Bumping into two equally hardy friends in the Sunburst Lodge, I discovered that Melissa, a fervent fan of heated products, also craves more head heat. Her idea was to attach a hand warmer pack to the outside of her balaclava on the top of her head inside the helmet. Innovative! I may have to resort to this if the cold snap drags on much longer!  

Cold Weather Warmers:
Ski hard not fast - the windchill factor of speeding along easy groomers adds even more cold to the equation and if your goggles have any gaps, it can bring tears to your eyes that can turn into eye-cicles. Focus on turning and technique!

Ski the bumps on an ungroomed run where the difficulty level will help you generate body heat. Or, if you're up to it, do as Rupert suggests: "Hike the Gils at Sun Peaks and ski the side-country snow up there to gain some internal heat."

Whatever you do, listen to your body. If you start to get slow reactions, if your feet, face, hands or any part of your body start to go numb, it's time to go indoors. White skin means frostbite so cover your entire face. If you steam up your goggles when your nose is covered, try mouth-breathing. It works for me. And, big bonus for getting out skiing in cold weather, you'll burn calories just keeping warm so you'll have definitely earned your après!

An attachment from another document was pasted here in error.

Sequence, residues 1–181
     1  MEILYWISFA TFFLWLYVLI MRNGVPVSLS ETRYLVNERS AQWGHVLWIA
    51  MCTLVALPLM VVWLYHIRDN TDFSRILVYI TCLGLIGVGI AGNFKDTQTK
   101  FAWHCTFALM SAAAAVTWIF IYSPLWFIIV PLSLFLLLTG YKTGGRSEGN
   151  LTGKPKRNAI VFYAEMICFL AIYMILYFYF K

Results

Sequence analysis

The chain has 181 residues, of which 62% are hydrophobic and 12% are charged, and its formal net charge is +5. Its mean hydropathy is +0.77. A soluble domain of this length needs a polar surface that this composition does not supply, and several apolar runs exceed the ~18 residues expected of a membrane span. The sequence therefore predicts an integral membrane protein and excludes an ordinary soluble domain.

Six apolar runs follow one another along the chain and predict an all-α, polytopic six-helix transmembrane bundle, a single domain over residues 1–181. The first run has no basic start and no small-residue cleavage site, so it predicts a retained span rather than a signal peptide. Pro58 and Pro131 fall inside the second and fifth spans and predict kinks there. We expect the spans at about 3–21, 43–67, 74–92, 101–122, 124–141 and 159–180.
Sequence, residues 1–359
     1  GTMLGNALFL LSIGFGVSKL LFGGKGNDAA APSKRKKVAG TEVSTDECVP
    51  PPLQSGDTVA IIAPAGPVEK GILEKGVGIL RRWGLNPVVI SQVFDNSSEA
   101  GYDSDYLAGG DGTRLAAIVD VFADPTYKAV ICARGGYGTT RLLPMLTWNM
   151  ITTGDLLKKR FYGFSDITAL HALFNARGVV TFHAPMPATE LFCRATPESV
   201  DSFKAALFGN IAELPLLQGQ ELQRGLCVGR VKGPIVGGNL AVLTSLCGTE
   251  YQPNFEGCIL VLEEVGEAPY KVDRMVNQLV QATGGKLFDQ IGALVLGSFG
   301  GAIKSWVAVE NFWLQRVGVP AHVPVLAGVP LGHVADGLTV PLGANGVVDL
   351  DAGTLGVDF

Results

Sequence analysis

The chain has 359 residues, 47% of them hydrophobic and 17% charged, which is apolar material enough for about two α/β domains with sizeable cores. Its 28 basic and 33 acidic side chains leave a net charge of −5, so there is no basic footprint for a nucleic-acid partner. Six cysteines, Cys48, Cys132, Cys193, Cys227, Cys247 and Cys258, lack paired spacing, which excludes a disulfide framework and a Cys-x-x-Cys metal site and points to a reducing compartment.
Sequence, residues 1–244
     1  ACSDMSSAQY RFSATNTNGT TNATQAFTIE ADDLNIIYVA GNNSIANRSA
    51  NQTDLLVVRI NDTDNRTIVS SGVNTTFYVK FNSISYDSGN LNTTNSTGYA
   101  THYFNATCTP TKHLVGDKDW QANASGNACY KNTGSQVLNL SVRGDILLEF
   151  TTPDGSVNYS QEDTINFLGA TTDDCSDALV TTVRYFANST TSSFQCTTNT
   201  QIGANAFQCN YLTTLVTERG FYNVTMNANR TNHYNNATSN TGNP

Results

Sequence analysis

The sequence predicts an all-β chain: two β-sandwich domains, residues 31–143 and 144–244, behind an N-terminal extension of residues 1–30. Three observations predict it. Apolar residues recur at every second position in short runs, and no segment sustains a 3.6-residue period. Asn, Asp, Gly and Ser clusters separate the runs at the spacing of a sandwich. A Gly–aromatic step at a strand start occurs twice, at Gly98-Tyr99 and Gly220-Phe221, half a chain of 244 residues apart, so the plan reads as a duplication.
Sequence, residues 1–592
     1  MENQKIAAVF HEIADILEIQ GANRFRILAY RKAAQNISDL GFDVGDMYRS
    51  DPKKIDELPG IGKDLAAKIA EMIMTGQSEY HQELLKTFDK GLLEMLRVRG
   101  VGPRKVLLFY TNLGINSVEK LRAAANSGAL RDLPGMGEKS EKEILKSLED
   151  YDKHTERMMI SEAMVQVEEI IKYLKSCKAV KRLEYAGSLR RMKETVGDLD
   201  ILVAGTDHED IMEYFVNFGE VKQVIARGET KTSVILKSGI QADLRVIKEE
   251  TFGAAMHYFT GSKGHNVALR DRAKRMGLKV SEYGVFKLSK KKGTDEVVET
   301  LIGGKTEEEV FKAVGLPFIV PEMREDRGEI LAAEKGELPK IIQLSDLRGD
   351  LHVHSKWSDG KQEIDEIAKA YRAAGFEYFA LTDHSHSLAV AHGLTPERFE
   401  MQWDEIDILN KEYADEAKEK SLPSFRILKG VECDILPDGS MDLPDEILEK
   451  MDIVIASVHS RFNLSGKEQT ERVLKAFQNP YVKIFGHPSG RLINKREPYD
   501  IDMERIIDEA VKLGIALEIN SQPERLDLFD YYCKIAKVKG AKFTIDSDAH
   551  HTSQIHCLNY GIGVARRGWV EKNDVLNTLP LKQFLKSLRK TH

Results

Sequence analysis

Volt heated scarf tucks in easily inside suit. I tested the battery by wearing it on the lowest setting all day and then continued wearing it at home. It lasted around 8 hours! 

If you have any tried and tested tips or recommended garments for combatting the cold, please let me know at: louise.hudson2011@gmail.com.